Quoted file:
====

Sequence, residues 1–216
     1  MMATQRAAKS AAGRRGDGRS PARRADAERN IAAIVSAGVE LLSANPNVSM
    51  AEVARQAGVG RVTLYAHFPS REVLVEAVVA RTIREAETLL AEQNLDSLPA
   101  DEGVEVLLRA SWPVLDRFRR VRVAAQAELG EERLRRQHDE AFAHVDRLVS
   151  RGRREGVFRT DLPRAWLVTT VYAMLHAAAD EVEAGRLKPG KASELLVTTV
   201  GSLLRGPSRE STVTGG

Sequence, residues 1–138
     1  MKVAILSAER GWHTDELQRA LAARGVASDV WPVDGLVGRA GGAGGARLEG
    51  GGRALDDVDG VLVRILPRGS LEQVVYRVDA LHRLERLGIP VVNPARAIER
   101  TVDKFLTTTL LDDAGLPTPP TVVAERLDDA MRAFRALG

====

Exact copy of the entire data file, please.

Sequence, residues 1–216
     1  MMATQRAAKS AAGRRGDGRS PARRADAERN IAAIVSAGVE LLSANPNVSM
    51  AEVARQAGVG RVTLYAHFPS REVLVEAVVA RTIREAETLL AEQNLDSLPA
   101  DEGVEVLLRA SWPVLDRFRR VRVAAQAELG EERLRRQHDE AFAHVDRLVS
   151  RGRREGVFRT DLPRAWLVTT VYAMLHAAAD EVEAGRLKPG KASELLVTTV
   201  GSLLRGPSRE STVTGG

Sequence, residues 1–138
     1  MKVAILSAER GWHTDELQRA LAARGVASDV WPVDGLVGRA GGAGGARLEG
    51  GGRALDDVDG VLVRILPRGS LEQVVYRVDA LHRLERLGIP VVNPARAIER
   101  TVDKFLTTTL LDDAGLPTPP TVVAERLDDA MRAFRALG